AmCham urges Taiwan to address energy, talent, border control issues
Taipei, June 22 (CNA) The American Chamber of Commerce (AmCham) in Taiwan on Wednesday called on the Taiwan government to step up efforts to address issues surrounding energy security, labor shortages, and the reopening of the country's borders.
In its latest white paper launched Wednesday, the business group, which represents 535 American and international companies with operations in Taiwan, urged the Taiwanese authorities to urgently address some of the issues it feared would threaten the country's international competitiveness.
One of the pressing issues is energy supply in Taiwan, AmCham Vice Chairperson Andrea Wu (吳王小珍) said at the paper's launch event in Taipei Wednesday.
AmCham's members are increasingly worried about the Taiwan government's ability to ensure energy security and grid resilience while pushing for a transition to renewables, especially in light of the severe power outages seen in May 2021 as well as this March, Wu noted.
Wu called for more action by the government to accelerate renewables projects and update grid infrastructure in Taiwan, adding that the authorities should also roll out clearer incentives to draw the private sector into its efforts.
At the same time, Taiwan's government ought to effectively address a deficit of highly skilled workers, as the problem has adversely impacted business operations in the country, Wu said.
While Taiwan benefits from a strong pool of well-educated, highly motivated, and hard-working talent, the country continues to suffer from shortages in certain key industries, such as the semiconductor and other technology-related companies, Wu said, adding that vigorous efforts to attract foreign talent and boost the English skills of local Taiwanese talent were urgently needed.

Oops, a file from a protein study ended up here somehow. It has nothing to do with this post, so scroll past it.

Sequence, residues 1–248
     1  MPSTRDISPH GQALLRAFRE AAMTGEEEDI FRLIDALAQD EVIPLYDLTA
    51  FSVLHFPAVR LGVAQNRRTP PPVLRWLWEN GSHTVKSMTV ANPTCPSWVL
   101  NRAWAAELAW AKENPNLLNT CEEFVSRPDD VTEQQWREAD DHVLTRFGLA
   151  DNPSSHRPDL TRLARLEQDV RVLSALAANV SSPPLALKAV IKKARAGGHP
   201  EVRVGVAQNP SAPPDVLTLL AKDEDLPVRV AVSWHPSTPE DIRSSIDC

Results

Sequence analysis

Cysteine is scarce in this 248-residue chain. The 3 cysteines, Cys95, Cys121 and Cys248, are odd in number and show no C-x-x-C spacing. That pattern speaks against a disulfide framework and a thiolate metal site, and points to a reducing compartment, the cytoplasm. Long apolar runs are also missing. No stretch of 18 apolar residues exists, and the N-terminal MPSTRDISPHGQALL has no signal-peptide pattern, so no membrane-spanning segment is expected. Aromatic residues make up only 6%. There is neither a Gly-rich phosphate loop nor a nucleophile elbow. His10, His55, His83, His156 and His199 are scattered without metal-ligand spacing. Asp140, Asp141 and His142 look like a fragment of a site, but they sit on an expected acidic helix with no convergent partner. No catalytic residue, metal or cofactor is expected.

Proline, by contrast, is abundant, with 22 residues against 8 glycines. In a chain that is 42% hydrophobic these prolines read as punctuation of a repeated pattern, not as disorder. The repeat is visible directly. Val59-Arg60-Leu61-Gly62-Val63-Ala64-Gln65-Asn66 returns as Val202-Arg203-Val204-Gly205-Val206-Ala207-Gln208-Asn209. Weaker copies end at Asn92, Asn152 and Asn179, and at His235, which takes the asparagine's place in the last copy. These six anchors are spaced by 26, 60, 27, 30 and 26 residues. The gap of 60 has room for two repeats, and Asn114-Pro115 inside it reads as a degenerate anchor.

In addition, the AmCham urged Taiwan's government to speed up efforts to reopen the country's borders, as 80 percent of Taiwan's residents have been fully vaccinated against COVID-19 with two doses.
Wu said while it was encouraging that Taiwan had shortened the mandatory quarantine period for overseas arrivals, people who tested positive for COVID-19 as well as their close contacts, such steps were not enough.
Such border control measures have continued to curb business travel between Taiwan and other countries and hinder foreign inbound investment, Wu said, adding that it was critical for the country to gradually move toward the full reopening of its borders.
Asked about whether AmCham's members had raised concern over Taiwan's security amid increasing military and political pressure from China, AmCham President Andrew Wylegala did not respond to the question directly, saying only that members would have their own assessments and business decisions based on the global and regional situations.
"We [the AmCham] naturally are hoping for the continuity of peace and stability in this region, around the Taiwan Strait, that is certainly conducive to our members' interests," Wylegala added.
Meanwhile, the AmCham also made suggestions to Washington in its white paper, urging the U.S. government to begin negotiations with its Taiwanese counterpart on a bilateral trade agreement.
AmCham also called on the U.S. to include Taiwan in its ongoing discussions with Japan and South Korea about promoting the resilience of the semiconductor industry.
The AmCham's request is to ensure that relevant industries located in Taiwan would "have a seat on the table as we look at these complicated issues looking forward," Wylegala noted, adding it would be "a mistake" not to include Taiwan as it had played a predominant role in this sector.
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